Sustainability Roundup: H&M’s Global Change Award, LFW Goes Green, A&F Adopts Eco-Friendly Sourcing Policy

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H&M Foundation debuts its third annual Global Change Award

Protecting the planet continues to be part of H&M Foundation’s mission—the organization announced its third annual Global Change Award, which aims to lay the groundwork for a circular fashion industry.

On Wednesday, the H&M Foundation began accepting applications on its website, calling for global innovators to share their sustainable apparel solutions. Five winners will share a $1.2 million grant, in addition to a one-year innovation accelerator program that provides access to fashion industry resources.

An expert panel comprised of fashion and environmental experts will select the winners, while the public will determine how the $1.2 million grant is dispersed through an online poll. The program, in partnership with consulting company Accenture and the KTH Royal Institute of Technology in Sweden, will transport teams to New York, Stockholm and Shanghai for mentorship opportunities.

Last year, more than 2,800 applications from 130 countries were submitted. Winning ideas included leather made of wine making remnants, climate positive nylon made from water and solar energy, and digital threads woven into garments for an easier recycling process. H&M Foundation doesn’t take ownership of any intellectual property rights related to the winners’ ideas, allowing the innovations to remain available to the industry at large.

“We began this journey with the H&M Foundation two years ago, and it has been particularly interesting to see the increasing utilization of digital technologies in the Global Change Award innovations,” Accenture senior managing director Jill Standish said. “Our belief is that technology can provide some critical solutions to the sustainability challenges the industry is facing and we can’t wait to see what ground-breaking ideas year three will bring.”

Switch to Green Campaign unveiled at London Fashion Week

The U.K. fashion industry is coming together to reduce its carbon footprint with a new initiative.

On Friday, The British Fashion Council (BFC), the Mayor of London and designer Vivienne Westwood collectively urged the nation’s fashion brands to switch to greener energy suppliers by 2020. The campaign, which is timely with the Paris Agreement, already onboarded many fashion companies, including Kering, Marks & Spencer and Stella McCartney.

“At City Hall, we want the capital to become a zero-carbon city by 2050 and to achieve this, we need Londoners and businesses to get on board,” Justine Simons, deputy mayor for culture and the creative industries, said. “I’m proud to support Vivienne Westwood and the British Fashion Council in their call to Switch to Green today—now is the fashion industry’s chance to make going green the number-one trend this autumn.”

Even though the U.K. is making progress on reducing greenhouse gas emissions by 80 percent by 2050, its uncertain if the nation will reach its target to source 15 percent of all electrical, heating and transport energy from greener energy sources over the next three years. With the help of brands choosing greener energy suppliers, the U.K. can move toward a more circular fashion economy and reduce its overall carbon footprint.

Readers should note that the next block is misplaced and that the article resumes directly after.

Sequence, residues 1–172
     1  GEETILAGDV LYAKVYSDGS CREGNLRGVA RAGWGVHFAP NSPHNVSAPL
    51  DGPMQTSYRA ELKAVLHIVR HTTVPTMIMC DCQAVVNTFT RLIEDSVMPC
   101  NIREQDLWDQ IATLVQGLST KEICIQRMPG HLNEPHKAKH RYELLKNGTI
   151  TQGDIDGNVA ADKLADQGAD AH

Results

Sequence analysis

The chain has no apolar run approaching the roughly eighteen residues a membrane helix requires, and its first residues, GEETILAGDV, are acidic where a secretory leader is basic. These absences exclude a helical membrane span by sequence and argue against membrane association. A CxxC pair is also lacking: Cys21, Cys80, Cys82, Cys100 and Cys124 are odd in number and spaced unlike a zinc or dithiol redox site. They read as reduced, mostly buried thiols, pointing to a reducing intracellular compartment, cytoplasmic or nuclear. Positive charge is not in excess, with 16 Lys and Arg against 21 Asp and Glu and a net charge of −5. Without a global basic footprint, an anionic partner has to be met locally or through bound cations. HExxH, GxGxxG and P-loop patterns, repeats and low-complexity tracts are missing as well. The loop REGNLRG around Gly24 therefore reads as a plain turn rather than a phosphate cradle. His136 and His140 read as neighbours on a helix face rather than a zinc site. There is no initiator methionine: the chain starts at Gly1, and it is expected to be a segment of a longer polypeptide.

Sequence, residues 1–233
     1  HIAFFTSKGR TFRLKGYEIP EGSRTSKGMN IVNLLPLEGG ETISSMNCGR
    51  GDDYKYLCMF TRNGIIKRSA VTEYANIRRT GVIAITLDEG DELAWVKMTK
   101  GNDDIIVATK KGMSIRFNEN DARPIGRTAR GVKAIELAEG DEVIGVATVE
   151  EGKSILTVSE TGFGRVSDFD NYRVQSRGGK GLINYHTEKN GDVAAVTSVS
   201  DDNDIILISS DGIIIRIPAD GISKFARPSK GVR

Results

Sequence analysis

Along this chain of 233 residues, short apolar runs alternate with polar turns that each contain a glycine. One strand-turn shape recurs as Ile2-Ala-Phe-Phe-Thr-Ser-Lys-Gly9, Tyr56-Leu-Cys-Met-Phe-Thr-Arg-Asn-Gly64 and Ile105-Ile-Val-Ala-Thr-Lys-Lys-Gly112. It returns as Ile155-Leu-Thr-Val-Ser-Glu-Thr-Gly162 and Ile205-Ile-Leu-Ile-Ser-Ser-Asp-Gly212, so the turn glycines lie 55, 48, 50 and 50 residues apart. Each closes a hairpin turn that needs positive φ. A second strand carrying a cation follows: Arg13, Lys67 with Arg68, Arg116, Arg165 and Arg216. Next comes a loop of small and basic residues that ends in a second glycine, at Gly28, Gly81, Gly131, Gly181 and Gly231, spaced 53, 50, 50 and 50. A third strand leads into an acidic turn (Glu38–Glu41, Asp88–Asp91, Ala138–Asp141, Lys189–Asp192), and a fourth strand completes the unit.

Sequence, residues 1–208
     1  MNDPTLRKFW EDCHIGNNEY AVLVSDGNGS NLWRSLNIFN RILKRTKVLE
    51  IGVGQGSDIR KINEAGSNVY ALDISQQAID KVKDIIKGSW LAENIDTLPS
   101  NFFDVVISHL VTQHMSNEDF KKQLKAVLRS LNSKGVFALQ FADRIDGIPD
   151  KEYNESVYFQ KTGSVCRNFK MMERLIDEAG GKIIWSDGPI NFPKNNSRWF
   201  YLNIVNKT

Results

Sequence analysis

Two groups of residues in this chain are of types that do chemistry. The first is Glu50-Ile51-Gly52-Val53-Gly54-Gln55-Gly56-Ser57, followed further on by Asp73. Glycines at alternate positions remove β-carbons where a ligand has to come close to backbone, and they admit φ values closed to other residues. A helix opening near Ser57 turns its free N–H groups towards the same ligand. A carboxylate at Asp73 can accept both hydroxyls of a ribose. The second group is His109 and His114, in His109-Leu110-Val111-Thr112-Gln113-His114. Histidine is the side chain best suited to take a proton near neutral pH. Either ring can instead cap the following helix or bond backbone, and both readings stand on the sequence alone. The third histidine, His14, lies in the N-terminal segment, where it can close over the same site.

[Read more on the industry’s sustainability efforts: Fashion Positive Unveils Digital Tools for Circular Fashion]

Abercrombie & Fitch enacts eco-friendly sourcing policy

Deforestation issues have prompted A&F to adopt a new policy on sourcing wood-based fabrics from certified forests and using these often-controversial materials, including rayon, in its garments.

The apparel retailer collaborated with Rainforest Action Network (RAN) on the new policy, which aims to remedy A&F’s supply chain and raise awareness about the risks associated with sourcing wood-based fabrics from endangered forests worldwide.

Under the policy, A&F committed to trace the origins of its regenerated cellulosic fibers, including viscose, used in its apparel brands. By mid-2018, the company aims to put in comprehensive procedures for tracing the sources of their suppliers’ fibers—ensuring that they don’t come from endangered forests or violate the living rights of indigenous people who live in those areas.

Targeting producers in Canada, Brazil, Indonesia and South Africa, A&F’s policy serves as a solution for ongoing conflict between fabric pulp manufacturing and local communities that depend on forests. These risk areas, including Northern Sumatra in Indonesia, have reported more than 20 cases of land conflict where traditionally owned plots have been taken over by companies for material production.

A&F joins other companies, including Ralph Lauren and Victoria’s Secret (L Brands), who are committed to sustainable wood cellulose sourcing and minimizing the negative impact of deforestation.

“At A&F, we have a history of demonstrating our commitment to environmental responsibility through our actions and this new policy is a further step on our ongoing sustainability journey,” said A&F senior sustainability director Kim Harr. “We know there is a need for better supply chain transparency and, with RAN’s support, we can now make an even greater positive impact.”

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